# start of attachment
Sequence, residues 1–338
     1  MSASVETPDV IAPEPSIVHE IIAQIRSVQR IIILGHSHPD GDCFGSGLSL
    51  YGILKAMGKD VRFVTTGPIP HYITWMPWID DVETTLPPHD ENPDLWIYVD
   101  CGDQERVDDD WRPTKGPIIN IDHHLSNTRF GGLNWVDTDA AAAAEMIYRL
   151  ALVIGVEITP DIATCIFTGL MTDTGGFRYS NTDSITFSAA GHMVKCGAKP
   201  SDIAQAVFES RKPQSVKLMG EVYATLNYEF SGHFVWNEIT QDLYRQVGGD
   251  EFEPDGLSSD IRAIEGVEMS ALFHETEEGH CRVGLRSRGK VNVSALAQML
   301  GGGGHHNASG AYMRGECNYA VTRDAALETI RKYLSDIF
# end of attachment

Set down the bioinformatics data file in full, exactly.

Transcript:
Sequence, residues 1–338
     1  MSASVETPDV IAPEPSIVHE IIAQIRSVQR IIILGHSHPD GDCFGSGLSL
    51  YGILKAMGKD VRFVTTGPIP HYITWMPWID DVETTLPPHD ENPDLWIYVD
   101  CGDQERVDDD WRPTKGPIIN IDHHLSNTRF GGLNWVDTDA AAAAEMIYRL
   151  ALVIGVEITP DIATCIFTGL MTDTGGFRYS NTDSITFSAA GHMVKCGAKP
   201  SDIAQAVFES RKPQSVKLMG EVYATLNYEF SGHFVWNEIT QDLYRQVGGD
   251  EFEPDGLSSD IRAIEGVEMS ALFHETEEGH CRVGLRSRGK VNVSALAQML
   301  GGGGHHNASG AYMRGECNYA VTRDAALETI RKYLSDIF